The following Employment Tax guidance note by Tolley provides comprehensive and up to date tax information covering:
A pension transfer is the movement of an individual’s accrued pension rights from one pension scheme to another. UK pensions tax legislation specifies which transfers may be made without adverse tax consequences.
Such transfers are known as ‘recognised transfers’ and are a type of authorised member payment. The term ‘authorised member payment’ means that this is a type of transaction that can be made without any tax implications on the member. Such transfers are reported to HMRC but there are no taxation consequences.
To constitute authorised member payments, transfers must be made to either a UK registered pension scheme or to an overseas pension scheme which is recognised by HMRC as a Qualifying Recognised Overseas Pension Scheme (QROPS). A QROPS is a Recognised Overseas Pension Scheme (ROPS) which has given certain undertakings to HMRC relating to the reporting of payments. So the relevant legislation which sets out the necessary conditions (see SI 2006/206) refers to ROPS rather than QROPS. This guidance note uses the term QROPS when referring to an ROPS where it is presumed that the scheme has given the relevant undertakings to be regarded as a QROPS. The position has changed however in relation to transfers to QROPS and between QROPS from 9 March 2017 with the introduction of the overseas transfer charge (see below).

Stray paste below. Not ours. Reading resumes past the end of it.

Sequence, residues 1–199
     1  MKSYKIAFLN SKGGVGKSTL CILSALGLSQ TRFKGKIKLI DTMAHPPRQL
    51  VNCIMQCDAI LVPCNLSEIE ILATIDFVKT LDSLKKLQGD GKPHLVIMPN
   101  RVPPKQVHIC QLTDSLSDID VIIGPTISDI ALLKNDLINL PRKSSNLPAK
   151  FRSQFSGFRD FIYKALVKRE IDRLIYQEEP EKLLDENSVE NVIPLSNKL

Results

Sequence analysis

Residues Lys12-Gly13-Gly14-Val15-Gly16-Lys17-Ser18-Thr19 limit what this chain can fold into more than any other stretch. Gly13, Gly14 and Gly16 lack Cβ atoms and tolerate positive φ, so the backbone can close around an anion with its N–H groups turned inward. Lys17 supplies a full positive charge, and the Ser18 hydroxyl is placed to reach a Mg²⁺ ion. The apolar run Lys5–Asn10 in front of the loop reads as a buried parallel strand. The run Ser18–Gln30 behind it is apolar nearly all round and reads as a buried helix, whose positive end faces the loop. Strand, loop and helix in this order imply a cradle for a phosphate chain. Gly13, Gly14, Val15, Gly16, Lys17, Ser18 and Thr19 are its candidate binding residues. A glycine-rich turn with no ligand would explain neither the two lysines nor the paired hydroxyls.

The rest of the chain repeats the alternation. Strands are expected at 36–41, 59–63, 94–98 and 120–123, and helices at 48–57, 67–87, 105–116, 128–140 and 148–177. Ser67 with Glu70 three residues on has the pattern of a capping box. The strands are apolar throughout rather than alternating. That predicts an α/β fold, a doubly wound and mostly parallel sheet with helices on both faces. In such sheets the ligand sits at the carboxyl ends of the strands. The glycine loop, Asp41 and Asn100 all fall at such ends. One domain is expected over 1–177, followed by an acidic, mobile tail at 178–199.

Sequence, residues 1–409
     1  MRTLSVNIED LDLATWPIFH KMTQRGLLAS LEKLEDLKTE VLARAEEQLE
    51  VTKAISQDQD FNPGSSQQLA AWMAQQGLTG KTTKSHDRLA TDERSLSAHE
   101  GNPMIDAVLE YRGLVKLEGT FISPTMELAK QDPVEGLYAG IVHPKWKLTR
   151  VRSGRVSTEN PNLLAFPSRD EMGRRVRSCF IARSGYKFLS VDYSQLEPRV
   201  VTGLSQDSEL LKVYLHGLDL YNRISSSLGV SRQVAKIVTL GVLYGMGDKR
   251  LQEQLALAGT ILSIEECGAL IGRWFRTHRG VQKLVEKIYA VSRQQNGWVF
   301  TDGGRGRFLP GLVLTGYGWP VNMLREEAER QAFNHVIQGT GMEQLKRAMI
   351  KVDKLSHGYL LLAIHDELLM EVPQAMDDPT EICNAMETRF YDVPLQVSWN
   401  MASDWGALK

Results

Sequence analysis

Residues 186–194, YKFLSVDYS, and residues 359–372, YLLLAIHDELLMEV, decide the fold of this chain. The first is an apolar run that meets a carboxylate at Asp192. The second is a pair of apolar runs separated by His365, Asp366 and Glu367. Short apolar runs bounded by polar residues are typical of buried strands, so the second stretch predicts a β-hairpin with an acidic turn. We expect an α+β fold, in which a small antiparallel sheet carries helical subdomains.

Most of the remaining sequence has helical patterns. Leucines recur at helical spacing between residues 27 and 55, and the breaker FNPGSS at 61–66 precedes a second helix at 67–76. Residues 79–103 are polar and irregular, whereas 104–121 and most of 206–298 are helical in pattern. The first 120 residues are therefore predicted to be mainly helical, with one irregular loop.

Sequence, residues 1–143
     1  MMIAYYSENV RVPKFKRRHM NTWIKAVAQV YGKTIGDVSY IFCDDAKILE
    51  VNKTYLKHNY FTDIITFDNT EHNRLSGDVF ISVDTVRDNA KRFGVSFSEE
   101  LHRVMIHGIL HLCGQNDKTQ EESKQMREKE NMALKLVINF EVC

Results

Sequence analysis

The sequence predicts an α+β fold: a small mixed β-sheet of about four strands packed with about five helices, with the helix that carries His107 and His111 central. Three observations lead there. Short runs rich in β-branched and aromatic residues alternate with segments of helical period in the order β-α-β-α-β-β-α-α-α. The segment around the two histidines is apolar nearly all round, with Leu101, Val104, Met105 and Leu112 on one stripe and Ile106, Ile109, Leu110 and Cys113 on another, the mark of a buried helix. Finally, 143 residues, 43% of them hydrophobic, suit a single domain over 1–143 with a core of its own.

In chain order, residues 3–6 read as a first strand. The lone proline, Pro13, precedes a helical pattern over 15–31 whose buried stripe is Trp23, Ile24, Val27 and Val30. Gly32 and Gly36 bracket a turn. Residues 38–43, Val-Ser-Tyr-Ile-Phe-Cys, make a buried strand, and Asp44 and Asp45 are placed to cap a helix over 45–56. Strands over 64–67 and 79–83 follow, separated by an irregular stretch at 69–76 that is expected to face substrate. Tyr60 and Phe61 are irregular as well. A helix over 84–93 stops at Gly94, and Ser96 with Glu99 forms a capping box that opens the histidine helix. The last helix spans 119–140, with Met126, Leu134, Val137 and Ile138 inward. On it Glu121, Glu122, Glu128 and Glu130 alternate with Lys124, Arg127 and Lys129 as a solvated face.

A transfer from a registered pension scheme to a non-UK pension scheme that is not a QROPS will result in tax charges on the member and on the UK scheme that gave effect to the transfer.
Until 6 April 2006 overseas transfers from UK pension schemes were relatively unusual. This was because of the restrictions then set out by HMRC in relation to such transfers and, in addition, the requirement for some transfers to overseas pension schemes to
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